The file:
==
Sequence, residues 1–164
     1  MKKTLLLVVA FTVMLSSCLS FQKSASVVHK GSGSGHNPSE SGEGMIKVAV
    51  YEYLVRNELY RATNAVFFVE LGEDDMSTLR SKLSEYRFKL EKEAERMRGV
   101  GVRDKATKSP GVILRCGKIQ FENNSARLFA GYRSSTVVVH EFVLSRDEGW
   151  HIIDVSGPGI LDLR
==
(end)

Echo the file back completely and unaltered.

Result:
Sequence, residues 1–164
     1  MKKTLLLVVA FTVMLSSCLS FQKSASVVHK GSGSGHNPSE SGEGMIKVAV
    51  YEYLVRNELY RATNAVFFVE LGEDDMSTLR SKLSEYRFKL EKEAERMRGV
   101  GVRDKATKSP GVILRCGKIQ FENNSARLFA GYRSSTVVVH EFVLSRDEGW
   151  HIIDVSGPGI LDLR